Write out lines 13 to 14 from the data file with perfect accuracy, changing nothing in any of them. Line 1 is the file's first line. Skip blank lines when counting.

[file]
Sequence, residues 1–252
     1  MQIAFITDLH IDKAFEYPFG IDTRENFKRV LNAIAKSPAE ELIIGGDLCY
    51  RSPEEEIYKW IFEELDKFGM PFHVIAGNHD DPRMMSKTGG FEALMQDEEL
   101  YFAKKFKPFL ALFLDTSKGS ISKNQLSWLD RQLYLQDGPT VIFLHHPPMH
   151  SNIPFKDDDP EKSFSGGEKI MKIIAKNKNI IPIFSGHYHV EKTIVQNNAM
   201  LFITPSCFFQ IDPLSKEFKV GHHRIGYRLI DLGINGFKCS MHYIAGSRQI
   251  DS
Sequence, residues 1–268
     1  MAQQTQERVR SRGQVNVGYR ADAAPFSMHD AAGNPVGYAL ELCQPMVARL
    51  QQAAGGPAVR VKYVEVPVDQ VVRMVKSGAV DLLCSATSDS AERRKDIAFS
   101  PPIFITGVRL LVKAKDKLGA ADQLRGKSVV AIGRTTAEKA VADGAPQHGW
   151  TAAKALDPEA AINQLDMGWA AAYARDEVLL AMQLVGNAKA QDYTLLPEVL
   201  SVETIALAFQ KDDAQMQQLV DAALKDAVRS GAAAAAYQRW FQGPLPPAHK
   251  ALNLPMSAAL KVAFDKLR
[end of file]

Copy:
   201  SVETIALAFQ KDDAQMQQLV DAALKDAVRS GAAAAAYQRW FQGPLPPAHK
   251  ALNLPMSAAL KVAFDKLR